What to expect: AIM-Master of Advanced Management at Yale

I honestly don’t know where to start writing about my Yale Master of Advanced Management (MAM) journey, but let me begin with this: It’s been almost two months since I graduated and if I were to sum up the whole experience in a phrase, it would be “no regrets.”


I remember being hesitant about pursuing an MAM degree. I had various reasons: It cost too much money, I wasn’t sure of the ROI after I graduate, I didn’t want to miss out on the last 6 months of being with C11 (my cohort in the Asian Institute of Management where I took my MBA), I didn’t think it was realistic to finish my MRR (the thesis equivalent) by July… These were some of my biggest concerns. I applied anyway because I didn’t like having “what ifs” in life and I figured I didn’t need to worry about these problems until I get admitted.

Then came the admission letter. This was when I realized I really wanted to go. I had always wanted to study abroad and now I had the opportunity to do so—in an Ivy League school at that. I would be crazy not to get it. So I said yes to Yale, negotiated my partial scholarship, took a student loan, crammed my MRR, and said goodbye to C11.

When I got to Yale (or New Haven), I was amazed by so many things.

The campus. The gothic architecture of Yale buildings is so beautiful, I always felt like I was in a Harry Potter movie. The Yale School of Management (SOM) doesn’t have this appeal but its modern design is still very beautiful, especially at night. In the spring and summer when the days are warm, you’d see students studying, playing, and hanging out on Yale’s well-maintained lawns and gardens.


The climate. Coming from a tropical country, I was thrilled to experience all four seasons, especially as they transition from one to the next. I remember that at each start of a season I would think, “It’s so pretty! This has got to be my favorite season!” Then the next season would come bringing its own unique beauty. It’s honestly hard to choose a favorite, but I think mine would have to be spring.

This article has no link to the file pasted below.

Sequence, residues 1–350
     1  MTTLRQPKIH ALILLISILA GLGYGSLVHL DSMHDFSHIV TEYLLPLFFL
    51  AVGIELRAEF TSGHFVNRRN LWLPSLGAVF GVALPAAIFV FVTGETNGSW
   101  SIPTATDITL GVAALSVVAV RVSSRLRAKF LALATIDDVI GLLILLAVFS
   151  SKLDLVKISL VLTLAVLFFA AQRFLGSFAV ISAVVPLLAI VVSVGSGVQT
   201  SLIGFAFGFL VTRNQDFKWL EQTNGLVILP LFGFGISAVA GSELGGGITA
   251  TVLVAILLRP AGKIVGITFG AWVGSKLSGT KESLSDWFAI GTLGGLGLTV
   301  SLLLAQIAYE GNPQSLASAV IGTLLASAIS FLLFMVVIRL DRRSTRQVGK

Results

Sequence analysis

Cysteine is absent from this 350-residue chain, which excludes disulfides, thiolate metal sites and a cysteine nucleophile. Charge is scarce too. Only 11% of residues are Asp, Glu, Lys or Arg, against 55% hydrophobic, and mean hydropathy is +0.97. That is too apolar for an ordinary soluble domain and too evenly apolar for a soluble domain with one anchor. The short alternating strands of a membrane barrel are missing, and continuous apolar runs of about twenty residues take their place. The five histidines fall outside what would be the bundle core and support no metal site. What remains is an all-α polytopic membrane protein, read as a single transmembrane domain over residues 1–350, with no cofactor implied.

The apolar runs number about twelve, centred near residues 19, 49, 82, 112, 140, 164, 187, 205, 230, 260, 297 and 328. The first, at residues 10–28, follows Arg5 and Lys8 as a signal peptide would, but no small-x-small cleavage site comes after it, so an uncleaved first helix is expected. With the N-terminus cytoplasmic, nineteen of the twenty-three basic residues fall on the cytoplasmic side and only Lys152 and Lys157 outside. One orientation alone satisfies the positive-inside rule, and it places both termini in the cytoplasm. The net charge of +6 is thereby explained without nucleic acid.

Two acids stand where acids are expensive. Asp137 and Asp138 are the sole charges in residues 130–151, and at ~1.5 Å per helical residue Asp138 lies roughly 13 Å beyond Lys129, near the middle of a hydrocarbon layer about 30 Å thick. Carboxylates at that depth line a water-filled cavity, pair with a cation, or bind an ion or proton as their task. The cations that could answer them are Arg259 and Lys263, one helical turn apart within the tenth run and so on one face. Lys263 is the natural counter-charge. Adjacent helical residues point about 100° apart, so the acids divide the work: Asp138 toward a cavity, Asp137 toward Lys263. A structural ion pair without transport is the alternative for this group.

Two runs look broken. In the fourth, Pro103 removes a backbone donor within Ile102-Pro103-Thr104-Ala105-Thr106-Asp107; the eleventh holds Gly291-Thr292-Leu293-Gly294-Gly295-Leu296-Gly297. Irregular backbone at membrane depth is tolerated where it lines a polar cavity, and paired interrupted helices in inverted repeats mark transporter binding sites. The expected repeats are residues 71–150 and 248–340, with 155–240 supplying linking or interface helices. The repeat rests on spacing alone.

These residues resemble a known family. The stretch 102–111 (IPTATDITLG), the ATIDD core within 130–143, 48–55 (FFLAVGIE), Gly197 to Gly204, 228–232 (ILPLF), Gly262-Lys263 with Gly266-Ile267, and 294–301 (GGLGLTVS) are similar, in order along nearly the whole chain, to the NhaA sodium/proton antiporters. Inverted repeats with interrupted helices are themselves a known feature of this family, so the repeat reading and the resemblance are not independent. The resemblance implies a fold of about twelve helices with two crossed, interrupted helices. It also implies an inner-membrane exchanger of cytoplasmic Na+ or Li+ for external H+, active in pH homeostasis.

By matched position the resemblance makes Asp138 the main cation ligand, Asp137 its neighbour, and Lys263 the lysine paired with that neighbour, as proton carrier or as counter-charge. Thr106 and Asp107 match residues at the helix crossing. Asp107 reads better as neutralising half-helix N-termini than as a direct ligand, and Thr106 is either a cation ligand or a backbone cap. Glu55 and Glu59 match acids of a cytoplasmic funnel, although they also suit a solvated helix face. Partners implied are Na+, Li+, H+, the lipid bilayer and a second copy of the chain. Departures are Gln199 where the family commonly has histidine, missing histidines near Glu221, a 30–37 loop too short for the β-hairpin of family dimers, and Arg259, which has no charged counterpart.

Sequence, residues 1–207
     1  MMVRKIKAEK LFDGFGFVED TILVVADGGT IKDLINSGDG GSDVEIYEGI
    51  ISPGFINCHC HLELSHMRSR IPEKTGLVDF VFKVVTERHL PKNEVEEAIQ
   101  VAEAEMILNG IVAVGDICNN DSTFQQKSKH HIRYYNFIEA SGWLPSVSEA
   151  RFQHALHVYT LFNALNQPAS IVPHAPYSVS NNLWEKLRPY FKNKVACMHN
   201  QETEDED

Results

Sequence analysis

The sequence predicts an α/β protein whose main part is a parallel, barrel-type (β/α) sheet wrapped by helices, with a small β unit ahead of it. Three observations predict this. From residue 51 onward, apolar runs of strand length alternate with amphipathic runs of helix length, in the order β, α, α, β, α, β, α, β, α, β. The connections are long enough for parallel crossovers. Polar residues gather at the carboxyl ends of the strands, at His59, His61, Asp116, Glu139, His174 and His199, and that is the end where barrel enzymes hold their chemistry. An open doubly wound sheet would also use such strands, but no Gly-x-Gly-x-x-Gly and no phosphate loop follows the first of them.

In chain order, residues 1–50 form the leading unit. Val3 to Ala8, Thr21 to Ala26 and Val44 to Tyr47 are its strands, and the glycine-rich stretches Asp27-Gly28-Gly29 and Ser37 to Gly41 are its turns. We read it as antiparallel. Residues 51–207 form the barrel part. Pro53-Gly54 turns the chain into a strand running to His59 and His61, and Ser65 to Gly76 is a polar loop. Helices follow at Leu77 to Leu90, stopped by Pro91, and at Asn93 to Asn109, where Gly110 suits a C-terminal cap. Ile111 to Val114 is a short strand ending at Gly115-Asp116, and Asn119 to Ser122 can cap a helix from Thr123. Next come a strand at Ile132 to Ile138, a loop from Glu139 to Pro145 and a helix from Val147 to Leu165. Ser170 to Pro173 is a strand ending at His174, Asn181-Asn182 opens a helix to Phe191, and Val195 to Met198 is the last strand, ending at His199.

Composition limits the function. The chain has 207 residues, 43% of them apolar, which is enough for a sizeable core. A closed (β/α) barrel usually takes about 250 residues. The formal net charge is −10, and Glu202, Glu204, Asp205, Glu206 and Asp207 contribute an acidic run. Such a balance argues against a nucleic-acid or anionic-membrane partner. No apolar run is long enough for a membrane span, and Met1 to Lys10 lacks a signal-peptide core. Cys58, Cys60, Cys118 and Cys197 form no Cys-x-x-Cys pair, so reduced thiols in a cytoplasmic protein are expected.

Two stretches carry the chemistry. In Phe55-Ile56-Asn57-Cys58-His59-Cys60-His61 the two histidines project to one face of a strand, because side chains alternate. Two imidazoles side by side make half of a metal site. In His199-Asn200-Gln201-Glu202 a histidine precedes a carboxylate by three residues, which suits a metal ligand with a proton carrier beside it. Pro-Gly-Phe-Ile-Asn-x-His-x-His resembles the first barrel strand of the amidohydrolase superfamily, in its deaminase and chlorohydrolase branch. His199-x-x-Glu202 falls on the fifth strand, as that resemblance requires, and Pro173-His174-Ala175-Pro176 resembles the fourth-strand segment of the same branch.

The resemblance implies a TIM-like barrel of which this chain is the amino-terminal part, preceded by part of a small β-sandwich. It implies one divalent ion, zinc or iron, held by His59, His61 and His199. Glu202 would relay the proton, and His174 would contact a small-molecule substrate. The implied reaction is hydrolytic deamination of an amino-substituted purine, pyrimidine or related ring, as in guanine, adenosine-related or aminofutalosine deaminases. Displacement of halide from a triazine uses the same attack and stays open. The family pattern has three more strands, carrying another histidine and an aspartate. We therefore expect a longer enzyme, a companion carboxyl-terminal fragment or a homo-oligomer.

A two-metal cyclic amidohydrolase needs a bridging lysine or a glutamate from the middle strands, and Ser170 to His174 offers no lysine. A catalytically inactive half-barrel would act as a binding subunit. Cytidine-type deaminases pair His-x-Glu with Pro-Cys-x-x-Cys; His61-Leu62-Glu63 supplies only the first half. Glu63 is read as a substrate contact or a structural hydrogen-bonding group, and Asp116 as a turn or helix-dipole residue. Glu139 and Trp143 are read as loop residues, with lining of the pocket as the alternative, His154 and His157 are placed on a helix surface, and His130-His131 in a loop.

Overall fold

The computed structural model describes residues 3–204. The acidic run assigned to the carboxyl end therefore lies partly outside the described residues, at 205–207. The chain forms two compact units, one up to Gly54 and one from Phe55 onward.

The people. Yale SOM is one of the most diverse business schools in the world. In my cohort, there were 62 students and we represented a total of 28 countries. Aside from the diversity, the students were incredibly smart (of course, what did I expect?). I remember sitting in one of the undergraduate courses I took and I was impressed by the depth of thought and the social and political awareness that these college students had. It was a humbling but also a very enriching experience because you learn something from each and every person you meet in Yale. Not to mention the amazing professors, some of whom are Nobel Prize winners like Robert Shiller (Economics).

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The courses. I went to Yale to learn more about Sustainability because it was something I wanted to focus on. I took one of the BEST classes of my life here under Professor Dan Esty, who was absolutely amazing. He was the former Environmental Commissioner for Connecticut and he was involved with the Paris Climate Agreement discussions of 2016. He never used a PowerPoint slide nor wrote on the board the whole term but everyone in his class was engaged. He was THAT good. There were also a couple of SOM courses where every meeting we had C-executives from big companies like Pepsi, Spotify, IBM, etc. talk about their job and their company’s strategy. The classes always left me inspired afterwards. There was a ton of personal development and leadership courses too. My favorite would have to be Interpersonal Dynamics. I can’t say too much about what goes on in that course but let’s just say I have never felt so self-enlightened after taking it. Another favorite was my Spanish class. I’m so happy I got to learn a new language while in Yale, mainly because I’ve always wanted to learn a foreign language. But it also proved to be most helpful when I went to Costa Rica for Global Network for Advanced Management (GNAM) week, traveled to Mexico during Thanksgiving break, and to Argentina and Peru after graduation. There were quite a lot of locals that didn’t speak English in those countries so it was such a good life skill to have!